ASSESSING THE EFFECTIVENESS OF STREAMFLOW AUGMENTATION TO MAINTAIN WATER QUALITY AND WETLAND INTEGRITY
The Big Sunflower River is listed on Mississippi's Clean Water Act 303(d) as an impaired water body. Substantial decreases in the Sunflower River's late summer/early autumn base flows, as a result of agricultural withdrawals from the Mississippi River Valley Alluvial Aquifer, contribute to the river's impairment. A project was initiated in the Mississippi Water Resources Research Institute to provide a quantitative ecological evaluation of wetland and water quality impacts resulting from groundwater supplementation to a major stream in the Lower Mississippi Alluvial Stream.
Scientists monitored water quality and vegetation data in a small set of target wetlands and stream reaches along a longitudinal gradient from just upstream of groundwater augmentation wells to just north of Indianola, MS. Findings suggest that there are modest improvements in the overall system associated with augmented stream flow. Water quality parameters generally remained in an acceptable range during periods of flow augmentation and there were indications of improved riparian vegetation communities in reaches of the river which have received supplemental flow for years. The underlying problem of over pumping of groundwater is not addressed by flow augmentation but does provide some value in remediating these withdrawals.
The Yazoo-Mississippi Delta Joint Water Management District was a partner in this project. Findings will assist YMD personnel with an quantitative evaluation of the ecological effects of their water management efforts. The results also provides guidance for YMD staff to plan future activities effectively. Results of this research increased the efficacy with which water district managers can plan and implement programs to augment surface water flows and storage within the Lower Mississippi Alluvial Valley (LMAV) in an effort to balance societal and ecological needs.
The Mississippi Water Resources Research Institute has been busy this spring and summer with numerous projects, including the annual conference. The conference was held April 15-16 at the Hilton-Jackson with over 100 in attendance. I hope you were able to make this year's conference, if not, I hope to see you next year.
The conference included 13 posters and 30 oral presentations. Once again, students were encouraged to enter the poster and presentation contest. Four students posters were presented with Curtis Gebhard, a Clemson University graduate student garnering the top prize. Curtis is working on projects with USGS in the Jackson, Miss. office.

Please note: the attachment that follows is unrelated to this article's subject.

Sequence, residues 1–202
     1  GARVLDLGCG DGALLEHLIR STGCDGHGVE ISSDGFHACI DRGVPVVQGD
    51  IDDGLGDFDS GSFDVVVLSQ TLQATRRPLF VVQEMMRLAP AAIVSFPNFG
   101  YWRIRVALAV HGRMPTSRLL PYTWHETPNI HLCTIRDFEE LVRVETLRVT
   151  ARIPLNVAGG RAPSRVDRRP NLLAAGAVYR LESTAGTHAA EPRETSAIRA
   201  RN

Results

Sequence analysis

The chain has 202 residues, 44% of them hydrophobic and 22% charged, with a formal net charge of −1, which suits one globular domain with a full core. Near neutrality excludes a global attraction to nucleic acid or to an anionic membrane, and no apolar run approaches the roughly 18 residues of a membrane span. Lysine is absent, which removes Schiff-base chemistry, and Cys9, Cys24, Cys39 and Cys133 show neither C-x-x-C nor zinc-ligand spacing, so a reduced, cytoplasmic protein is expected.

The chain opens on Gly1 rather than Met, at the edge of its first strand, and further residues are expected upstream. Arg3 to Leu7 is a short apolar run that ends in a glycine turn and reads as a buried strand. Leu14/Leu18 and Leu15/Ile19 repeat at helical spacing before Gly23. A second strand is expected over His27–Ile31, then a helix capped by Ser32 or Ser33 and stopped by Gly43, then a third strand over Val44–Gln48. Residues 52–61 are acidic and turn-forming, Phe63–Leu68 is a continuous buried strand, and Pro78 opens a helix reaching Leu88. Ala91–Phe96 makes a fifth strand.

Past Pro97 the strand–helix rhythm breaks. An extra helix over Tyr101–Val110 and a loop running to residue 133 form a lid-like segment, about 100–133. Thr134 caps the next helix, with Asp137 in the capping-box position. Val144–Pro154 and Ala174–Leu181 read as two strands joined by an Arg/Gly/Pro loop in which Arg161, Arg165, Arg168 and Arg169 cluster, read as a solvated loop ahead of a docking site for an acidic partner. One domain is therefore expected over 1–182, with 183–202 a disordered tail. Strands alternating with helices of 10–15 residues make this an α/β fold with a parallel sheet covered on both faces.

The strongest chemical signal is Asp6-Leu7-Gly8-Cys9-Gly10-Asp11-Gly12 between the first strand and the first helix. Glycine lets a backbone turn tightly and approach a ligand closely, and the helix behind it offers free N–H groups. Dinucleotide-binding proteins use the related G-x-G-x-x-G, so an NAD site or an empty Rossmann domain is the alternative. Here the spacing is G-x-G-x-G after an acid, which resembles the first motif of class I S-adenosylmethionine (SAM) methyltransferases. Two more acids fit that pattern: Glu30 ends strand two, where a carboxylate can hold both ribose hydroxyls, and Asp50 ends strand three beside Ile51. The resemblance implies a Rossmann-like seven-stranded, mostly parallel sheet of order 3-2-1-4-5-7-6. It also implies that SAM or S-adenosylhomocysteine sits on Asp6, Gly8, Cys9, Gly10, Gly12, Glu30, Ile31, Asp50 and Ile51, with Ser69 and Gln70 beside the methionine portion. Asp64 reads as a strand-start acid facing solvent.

Nine students made oral presentations during the conference. Jared McKee, an engineering graduate student at Mississippi State University garnered the top prize with his presentation on a water budget from the Tenn-Tom Waterway from Whitten Lock to Heflin Lock and Dam. University of Mississippi civil engineering graduate student Leili Gordji received second place for her presentation on movement and water pollutants in Sardis Lake. The third place winner was Seiji Miyazono, a Mississippi State University wildlife and fisheries graduate student. Seiji spoke on the effects of landscape factors on limnological conditions of floodplain lakes in the Yazoo River Basin. All of the students did an exemplary job and it was hard to pick three out of this excellent group of students.
We were fortunate to have plenary speakers Ed Martin of the National Oceanic and Atmospheric Administration; Charles Wax, state climatologist and professor of geosciences at Mississippi State University; and Donn Rodekohr, researcher in the department of agronomy and soils at Auburn University. A panel discussion in the closing plenary session included Chip Morgan, executive director of Delta Council; Bill Walker, executive director of the Mississippi Department of Marine Resources; Bryon Griffith, director of the Gulf of Mexico Program Office, Environmental Protection Agency; and Trudy Fisher, executive director of the Mississippi Department of Environmental Quality.
Our luncheon speakers included the honorable Brandon Presley, commission of the northern district, Mississippi Public Service Commission and Ms. Barbara Travis, executive director of the Mississippi World Trade Center.